A 2015 meta-analysis of more than 1000 articles with advice to proposal writers showed that most of the top 10 recommendations focus on strategic positioning and project design.1 I’ve seen scores of presentations advising faculty how to write more competitive grant proposals and I rarely hear anything besides these. Only one of the top 10 recommendations deals with writing per se. It says to “describe activities and significance persuasively, concisely, and clearly.”
What does that mean in practical terms?
It turns out that professional writers—novelists, essayists, and journalists—have a lot to say about that. If you google “writers on writing” you’ll find hundreds of quotes. Here are five of my favorites and how they apply to proposal writing:
Elmore Leonard: “Leave out the parts the readers tend to skip.”
Simply put, most proposals have too much information. A Pew study showed TV weather reporters actually became more skeptical of climate change as they accumulated knowledge. Articles, book chapters, and books aim to inform; proposals are meant to persuade. To do so, give an expert audience only as much background as it needs to see that you’re grounded in best practice; focus on what you’re doing that’s new. Conversely, give lay readers only what they need to understand the elegance of what you’re proposing and what they’ll get from it.
Practically, this also alleviates the ubiquitous and crippling struggle against page limits.
Steven King: “Kill your darlings, kill your darlings, even when it breaks your egocentric little scribbler’s heart”
This can apply in several ways. You might have a profound insight that puts a whole new wrinkle on the field but doesn’t change your work plan in any meaningful way. Discussing it here distracts the reader from other concepts. Save it for a book or article. Or, you want to do something that is really cool and are burning to share it… but there isn’t enough time or treasure in the budget to actually do it right. Leave it out of the proposal and talk about it with friends over a distilled beverage. The most common way this comes up is when you share your document with colleagues and there’s something that no one understands. Maybe that idea isn’t ready for prime time.
Joan Didion: “All I know about grammar is its infinite power. To shift the structure of a sentence alters the meaning as definitely and inflexibly as the position of a camera alters the meaning of the object photographed.”
Gopen and Swan’s seminal article “The Science of Scientific Writing” cites research showing that readers interpret your writing based on six expectations.2 Among these: they expect to find any new or important information at the end of a discursive unit (i.e., a clause, sentence, paragraph, or section). If it’s elsewhere, they are likely to miss it and interpret what is there as your main point. Conversely, they expect to find context and perspective at the start of the unit. Violating these expectations increases the likelihood that your writing will be misinterpreted.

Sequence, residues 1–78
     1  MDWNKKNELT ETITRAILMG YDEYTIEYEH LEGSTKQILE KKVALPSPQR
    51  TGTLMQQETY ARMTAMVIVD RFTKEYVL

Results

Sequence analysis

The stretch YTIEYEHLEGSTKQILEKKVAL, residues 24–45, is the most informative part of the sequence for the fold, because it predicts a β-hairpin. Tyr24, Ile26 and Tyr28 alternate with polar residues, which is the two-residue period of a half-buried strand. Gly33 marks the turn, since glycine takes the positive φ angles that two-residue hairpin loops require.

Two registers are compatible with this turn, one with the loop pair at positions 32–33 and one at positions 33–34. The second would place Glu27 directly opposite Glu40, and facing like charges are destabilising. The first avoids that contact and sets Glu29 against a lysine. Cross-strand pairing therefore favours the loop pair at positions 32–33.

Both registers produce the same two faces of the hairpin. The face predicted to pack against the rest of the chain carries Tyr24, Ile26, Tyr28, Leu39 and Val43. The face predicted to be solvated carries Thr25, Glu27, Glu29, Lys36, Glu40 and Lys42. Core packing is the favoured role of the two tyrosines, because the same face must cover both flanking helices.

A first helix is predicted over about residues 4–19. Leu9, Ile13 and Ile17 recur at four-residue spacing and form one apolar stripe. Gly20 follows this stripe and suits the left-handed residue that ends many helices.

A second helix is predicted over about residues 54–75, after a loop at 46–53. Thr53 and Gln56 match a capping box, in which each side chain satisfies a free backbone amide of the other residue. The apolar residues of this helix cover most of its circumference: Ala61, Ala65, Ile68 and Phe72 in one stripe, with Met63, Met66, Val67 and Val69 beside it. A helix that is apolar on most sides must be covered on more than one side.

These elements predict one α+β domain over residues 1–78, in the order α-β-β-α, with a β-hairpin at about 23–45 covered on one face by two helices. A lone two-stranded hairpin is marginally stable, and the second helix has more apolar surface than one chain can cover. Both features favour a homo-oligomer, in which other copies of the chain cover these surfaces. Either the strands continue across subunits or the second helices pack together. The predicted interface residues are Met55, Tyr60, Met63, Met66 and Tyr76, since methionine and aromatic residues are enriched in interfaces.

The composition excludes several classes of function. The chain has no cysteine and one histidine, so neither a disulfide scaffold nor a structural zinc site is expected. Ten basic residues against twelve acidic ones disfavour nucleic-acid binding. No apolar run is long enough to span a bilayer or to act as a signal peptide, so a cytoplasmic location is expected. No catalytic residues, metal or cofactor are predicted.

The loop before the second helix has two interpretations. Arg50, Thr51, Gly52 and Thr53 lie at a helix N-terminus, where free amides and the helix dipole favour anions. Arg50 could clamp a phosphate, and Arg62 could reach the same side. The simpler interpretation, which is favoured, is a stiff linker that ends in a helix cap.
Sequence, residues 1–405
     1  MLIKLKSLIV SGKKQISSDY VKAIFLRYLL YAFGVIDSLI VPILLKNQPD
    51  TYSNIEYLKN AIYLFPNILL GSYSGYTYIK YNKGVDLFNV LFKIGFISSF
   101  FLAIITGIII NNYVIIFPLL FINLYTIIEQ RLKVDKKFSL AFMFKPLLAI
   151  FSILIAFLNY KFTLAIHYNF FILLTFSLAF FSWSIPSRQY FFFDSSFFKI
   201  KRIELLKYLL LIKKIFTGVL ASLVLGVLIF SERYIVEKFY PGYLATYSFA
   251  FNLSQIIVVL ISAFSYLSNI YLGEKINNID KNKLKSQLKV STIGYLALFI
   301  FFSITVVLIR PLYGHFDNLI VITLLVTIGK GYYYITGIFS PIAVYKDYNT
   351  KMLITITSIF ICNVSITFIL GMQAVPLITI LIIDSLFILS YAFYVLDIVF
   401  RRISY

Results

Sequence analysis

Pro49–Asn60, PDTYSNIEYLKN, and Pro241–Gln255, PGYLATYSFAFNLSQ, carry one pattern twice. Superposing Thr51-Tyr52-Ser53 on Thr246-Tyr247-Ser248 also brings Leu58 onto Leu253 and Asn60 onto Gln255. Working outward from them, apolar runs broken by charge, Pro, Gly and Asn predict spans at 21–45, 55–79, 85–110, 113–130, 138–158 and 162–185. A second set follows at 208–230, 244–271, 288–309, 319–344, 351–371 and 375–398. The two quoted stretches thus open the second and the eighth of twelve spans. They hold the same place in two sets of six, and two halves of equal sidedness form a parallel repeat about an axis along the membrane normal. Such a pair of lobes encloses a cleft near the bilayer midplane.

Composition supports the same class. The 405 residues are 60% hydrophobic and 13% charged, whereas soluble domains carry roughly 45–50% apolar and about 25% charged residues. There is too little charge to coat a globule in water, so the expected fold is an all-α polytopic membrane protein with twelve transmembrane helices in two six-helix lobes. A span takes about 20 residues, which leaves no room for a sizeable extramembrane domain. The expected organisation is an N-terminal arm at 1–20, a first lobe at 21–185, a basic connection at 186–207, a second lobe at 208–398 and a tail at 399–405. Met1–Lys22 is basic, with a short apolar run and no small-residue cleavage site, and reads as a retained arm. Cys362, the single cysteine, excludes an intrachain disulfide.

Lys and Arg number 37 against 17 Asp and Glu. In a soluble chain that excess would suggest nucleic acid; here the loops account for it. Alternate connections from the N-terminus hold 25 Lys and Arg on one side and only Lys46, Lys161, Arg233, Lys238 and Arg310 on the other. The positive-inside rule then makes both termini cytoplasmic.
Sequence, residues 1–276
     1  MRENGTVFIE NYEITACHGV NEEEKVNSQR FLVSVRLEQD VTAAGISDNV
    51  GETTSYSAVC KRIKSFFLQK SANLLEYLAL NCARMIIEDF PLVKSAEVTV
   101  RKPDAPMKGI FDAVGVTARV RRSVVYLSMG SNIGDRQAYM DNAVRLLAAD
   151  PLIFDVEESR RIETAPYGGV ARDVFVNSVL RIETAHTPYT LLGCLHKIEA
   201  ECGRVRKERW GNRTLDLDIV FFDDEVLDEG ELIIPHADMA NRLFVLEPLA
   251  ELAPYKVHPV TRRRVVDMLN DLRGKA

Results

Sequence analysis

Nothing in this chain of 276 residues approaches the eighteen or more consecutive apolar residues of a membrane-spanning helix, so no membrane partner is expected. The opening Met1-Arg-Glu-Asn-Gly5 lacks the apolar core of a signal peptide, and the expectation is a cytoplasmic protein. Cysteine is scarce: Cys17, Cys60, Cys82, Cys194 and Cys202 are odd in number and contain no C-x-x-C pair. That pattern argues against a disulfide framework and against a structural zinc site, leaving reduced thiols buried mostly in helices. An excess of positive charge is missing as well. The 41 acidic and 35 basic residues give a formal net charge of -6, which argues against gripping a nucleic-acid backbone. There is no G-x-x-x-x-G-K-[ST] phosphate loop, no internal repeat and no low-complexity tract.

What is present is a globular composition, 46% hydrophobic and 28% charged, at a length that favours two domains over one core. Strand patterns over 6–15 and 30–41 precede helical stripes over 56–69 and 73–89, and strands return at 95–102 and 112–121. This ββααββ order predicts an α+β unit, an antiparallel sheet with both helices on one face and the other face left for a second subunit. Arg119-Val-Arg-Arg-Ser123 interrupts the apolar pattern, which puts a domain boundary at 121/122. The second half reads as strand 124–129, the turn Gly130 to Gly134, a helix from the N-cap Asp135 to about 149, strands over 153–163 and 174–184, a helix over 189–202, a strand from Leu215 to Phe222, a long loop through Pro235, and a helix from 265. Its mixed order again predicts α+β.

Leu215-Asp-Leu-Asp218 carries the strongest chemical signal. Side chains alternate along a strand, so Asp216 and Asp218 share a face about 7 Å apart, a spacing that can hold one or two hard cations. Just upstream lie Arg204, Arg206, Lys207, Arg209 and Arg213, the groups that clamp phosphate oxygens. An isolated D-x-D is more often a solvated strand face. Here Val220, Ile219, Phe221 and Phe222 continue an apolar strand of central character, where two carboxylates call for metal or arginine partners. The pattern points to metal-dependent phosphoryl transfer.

Kurt Vonnegut: “Give the reader at least one character he can root for.”
The most persuasive arguments use three rhetorical devices: logos (logic), ethos (authority), and pathos (emotion)—but the academic argument shuns pathos. Granted, it isn’t relevant for most single investigator research projects—but it is somewhat relevant for center grant proposals, more so for projects that include trainees, and highly relevant for fellowship applications. Even on single investigator research proposals, you can make an emotional connection with the reader using metaphors to bring your vision into their world. Effective use of pathos to augment strong arguments from logic and authority can provide a competitive edge.
George R.R. Martin: “There are two types of writers: architects and gardeners.”
Architects plan in advance – where will everything go, what each paragraph will say. Gardeners plant a seed but don’t know how the plant will develop. Martin is a proud gardener, but he doesn’t have to address formal review criteria. You, on the other hand, need architectural drawings—storyboards—that lay out the structure and content of each section (and even each paragraph). That’s how to ensure your proposal addresses all the review criteria, mirrors the language in the program announcement, and gives proportional attention to the factors that go into the evaluation.
1 Jennifer Wisdom, Halley Riley, and Neely Myer, “Recommendations for Writing Successful Grant Proposals: An Information Synthesis” Academic Medicine 90(12):1720-25 (2015)
2 George Gopen and Judith Swan, “The Science of Scientific Writing,” American Scientist 78:550-558 (1990)